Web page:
Home » NASA’s Lucy Soon launches investigation into Trojan asteroids

NASA’s Lucy Soon launches investigation into Trojan asteroids

A NASA mission will soon take off to investigate Trojans, a lesser-studied group of asteroids in the outer solar system. The Lucy mission, named after the famous Australopithecus fossil that was key to understanding early human evolution, will launch later this month and could help us teach us how the solar system came to be. form.

The Centaur stage (ULA) of NASA's Lucy mission is lifted by a crane in the vertical integration facility.
The United Launch Alliance (ULA) Centaur stage for NASA’s Lucy mission is lifted by a crane in the vertical integration facility near Space Launch Complex 41 at Cape Canaveral Space Force Station in Florida Thursday, September 16, 2021. NASA / Kim Shiflett

The spacecraft was brought to Florida, ready for launch from Space Launch Complex 41 at the Cape Canaveral Space Station on Saturday, October 16. Lucy will be launched on a United Launch Alliance Atlas V 401 rocket from Pad 41, from where it will fly through Earth’s atmosphere, out of Earth’s orbit, and through the solar system to the Trojan asteroids.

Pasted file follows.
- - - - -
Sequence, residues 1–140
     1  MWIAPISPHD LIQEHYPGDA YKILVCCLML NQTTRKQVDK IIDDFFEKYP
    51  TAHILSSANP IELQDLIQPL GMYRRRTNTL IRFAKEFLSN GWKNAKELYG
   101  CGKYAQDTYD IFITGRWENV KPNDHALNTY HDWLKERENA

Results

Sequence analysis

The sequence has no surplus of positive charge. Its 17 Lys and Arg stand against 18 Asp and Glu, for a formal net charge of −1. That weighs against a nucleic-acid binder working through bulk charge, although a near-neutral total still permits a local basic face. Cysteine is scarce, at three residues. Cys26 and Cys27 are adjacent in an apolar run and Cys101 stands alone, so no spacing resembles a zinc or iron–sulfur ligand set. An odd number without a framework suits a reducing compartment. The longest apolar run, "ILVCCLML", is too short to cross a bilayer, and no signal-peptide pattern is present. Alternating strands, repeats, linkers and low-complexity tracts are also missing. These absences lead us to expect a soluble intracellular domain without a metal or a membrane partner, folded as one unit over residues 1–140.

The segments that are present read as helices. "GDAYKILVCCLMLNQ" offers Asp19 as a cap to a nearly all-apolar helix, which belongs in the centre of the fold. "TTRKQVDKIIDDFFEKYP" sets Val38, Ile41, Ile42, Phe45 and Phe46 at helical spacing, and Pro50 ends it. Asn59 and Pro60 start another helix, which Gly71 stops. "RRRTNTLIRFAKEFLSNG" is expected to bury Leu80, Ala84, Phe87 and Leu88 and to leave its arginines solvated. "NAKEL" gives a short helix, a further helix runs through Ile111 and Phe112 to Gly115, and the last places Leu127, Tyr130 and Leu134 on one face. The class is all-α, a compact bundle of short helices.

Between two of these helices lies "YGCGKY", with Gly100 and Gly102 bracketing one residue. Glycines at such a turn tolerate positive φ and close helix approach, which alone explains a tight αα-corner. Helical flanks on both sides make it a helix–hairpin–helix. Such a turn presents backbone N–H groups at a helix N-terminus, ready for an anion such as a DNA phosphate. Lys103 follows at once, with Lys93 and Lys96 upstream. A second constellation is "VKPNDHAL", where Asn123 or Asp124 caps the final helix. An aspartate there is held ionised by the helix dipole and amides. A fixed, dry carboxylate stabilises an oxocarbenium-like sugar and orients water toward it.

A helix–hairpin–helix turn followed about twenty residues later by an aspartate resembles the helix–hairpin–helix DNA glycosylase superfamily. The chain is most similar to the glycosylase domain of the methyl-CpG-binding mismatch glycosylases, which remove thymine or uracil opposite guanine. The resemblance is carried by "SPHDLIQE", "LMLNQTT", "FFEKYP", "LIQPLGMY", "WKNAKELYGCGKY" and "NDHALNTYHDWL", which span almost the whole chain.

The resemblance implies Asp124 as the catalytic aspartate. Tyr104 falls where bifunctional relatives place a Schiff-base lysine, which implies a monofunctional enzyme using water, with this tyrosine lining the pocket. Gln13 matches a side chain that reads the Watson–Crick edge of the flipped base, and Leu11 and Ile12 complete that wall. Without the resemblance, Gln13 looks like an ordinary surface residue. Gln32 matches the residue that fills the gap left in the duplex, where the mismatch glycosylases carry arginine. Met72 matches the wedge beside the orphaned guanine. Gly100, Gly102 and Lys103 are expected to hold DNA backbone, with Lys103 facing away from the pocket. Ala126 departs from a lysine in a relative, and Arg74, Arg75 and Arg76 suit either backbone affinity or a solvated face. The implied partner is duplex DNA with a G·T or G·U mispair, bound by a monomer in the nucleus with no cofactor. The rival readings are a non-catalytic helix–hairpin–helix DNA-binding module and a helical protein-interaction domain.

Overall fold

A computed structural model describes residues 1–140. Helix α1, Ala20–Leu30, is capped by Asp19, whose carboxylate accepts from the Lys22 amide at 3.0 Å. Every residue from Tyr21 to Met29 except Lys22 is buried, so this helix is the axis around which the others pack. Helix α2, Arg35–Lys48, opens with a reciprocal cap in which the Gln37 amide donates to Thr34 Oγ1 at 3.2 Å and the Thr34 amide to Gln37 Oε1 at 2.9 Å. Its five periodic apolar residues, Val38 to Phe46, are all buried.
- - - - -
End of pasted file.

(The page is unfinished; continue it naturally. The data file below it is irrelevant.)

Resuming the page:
The Trojans are located in the orbit of Jupiter, in two groups, one in front of the planet and the other behind. Astronomers believe these asteroids are remnants of some of the material that formed the planets in the early days of the solar system, so studying them can help us understand how planets are formed.

“With Lucy, we’re going to hit eight never-before-seen asteroids in 12 years with just one spacecraft,” said Tom Statler, Project Lucy scientist at NASA Headquarters. “This is a fantastic opportunity for discovery as we delve into the distant past of our solar system. “

An artist's concept of the Lucy mission.
An artist’s concept of the Lucy mission. SwRI

“There was a lot of hands-on work,” said Donya Douglas-Bradshaw, Lucy project manager at NASA’s Goddard Space Flight Center in Greenbelt, Maryland. “This summer has gone by so quickly; it’s hard to believe we’re almost at launch.

As the spacecraft prepares for launch, its fuel tanks have been filled with a mixture of liquid hydrazine and liquid oxygen that will allow it to maneuver between asteroids. It also has its solar panels to recharge its scientific instruments from the sun.

“Launching a spaceship is almost like sending a kid to college – you’ve done what you can to get them ready for that next big step on their own,” said Hal Levison, the Principal investigator of the Lucy mission, based at the Southwest Research Institute in Boulder, Colorado.



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